By Paul Homewood
Apparently there’s going to be some yellow snow next week!!
But what did the winter just gone look like weather wise?
Let’s start with mean temperatures.
Overall it was an unremarkable winter, just 0.1C above the 30-year average, which itself is only 0.6C higher than it was in the 1930s. This winter was 33rd warmest since 1884, in a tie with 1898/8, 1912/13 and 1936/7.
Apart from the exceptionally mild winter of 2015/16, no winter in the past decade has been warmer than earlier winters such as 1974/5 and 1988/9.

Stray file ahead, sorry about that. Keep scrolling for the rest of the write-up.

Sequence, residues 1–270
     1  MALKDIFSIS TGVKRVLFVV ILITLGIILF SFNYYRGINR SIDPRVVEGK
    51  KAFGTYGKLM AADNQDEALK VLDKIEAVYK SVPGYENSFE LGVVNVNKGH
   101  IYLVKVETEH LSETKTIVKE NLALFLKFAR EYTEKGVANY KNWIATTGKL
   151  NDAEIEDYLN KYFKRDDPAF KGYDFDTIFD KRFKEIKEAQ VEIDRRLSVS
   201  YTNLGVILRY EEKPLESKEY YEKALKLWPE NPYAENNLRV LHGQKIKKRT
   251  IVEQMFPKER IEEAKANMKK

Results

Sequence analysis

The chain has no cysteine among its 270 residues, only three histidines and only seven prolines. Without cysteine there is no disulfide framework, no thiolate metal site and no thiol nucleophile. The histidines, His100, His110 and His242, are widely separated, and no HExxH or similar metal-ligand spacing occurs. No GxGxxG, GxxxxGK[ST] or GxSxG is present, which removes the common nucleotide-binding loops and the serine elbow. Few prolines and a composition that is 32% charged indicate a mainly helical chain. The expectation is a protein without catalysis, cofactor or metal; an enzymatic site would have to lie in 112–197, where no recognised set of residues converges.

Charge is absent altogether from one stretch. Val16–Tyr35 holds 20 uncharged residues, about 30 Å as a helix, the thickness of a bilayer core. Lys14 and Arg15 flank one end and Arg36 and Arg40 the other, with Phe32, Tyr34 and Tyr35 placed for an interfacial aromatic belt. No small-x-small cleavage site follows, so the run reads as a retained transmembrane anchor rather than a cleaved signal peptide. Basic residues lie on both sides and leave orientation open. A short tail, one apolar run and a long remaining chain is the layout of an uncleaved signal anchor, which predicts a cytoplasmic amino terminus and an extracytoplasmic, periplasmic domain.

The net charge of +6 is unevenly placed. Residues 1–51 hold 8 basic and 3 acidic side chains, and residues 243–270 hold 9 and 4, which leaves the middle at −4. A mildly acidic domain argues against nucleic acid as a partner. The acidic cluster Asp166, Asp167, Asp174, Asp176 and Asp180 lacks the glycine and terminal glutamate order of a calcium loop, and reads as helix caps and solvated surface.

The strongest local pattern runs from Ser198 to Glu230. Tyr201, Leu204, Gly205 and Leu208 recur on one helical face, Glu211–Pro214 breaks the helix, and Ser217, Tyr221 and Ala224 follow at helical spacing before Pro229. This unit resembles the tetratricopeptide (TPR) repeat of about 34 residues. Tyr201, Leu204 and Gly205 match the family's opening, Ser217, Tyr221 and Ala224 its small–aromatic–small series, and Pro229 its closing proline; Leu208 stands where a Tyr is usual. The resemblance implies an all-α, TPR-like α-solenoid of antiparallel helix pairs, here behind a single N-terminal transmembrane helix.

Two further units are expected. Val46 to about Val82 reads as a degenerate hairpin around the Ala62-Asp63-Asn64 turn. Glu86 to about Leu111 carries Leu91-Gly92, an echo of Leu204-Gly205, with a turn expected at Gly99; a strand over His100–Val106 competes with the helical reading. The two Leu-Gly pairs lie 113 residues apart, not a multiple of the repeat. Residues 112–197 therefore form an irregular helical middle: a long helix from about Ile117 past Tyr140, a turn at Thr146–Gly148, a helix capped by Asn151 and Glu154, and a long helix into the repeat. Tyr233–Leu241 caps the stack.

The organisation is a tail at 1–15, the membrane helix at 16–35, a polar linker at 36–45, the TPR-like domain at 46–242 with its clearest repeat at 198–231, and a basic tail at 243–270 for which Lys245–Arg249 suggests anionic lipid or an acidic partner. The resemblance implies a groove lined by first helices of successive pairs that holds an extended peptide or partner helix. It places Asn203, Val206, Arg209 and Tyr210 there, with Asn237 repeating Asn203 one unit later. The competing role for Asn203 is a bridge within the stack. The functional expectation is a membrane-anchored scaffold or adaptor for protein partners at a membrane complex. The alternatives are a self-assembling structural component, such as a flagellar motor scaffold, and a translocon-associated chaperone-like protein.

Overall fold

In short we have been having relatively mild winters lately because of weather, not climate change.
Our winters are said to be getting wetter, but the last two years have bucked the trend:
While winter rainfall has been slowly trending up since the 1970s, long term averages are barely higher now than in the years up to 1940.
Again, it is noticeable that, with the exception of the exceptionally wet winter of 2013/14, other recent wet winters, such as 2019/20 and 2020/21 have not been unusually wet by historical standards.
The data tells us that the English climate is changing much less than we have been told.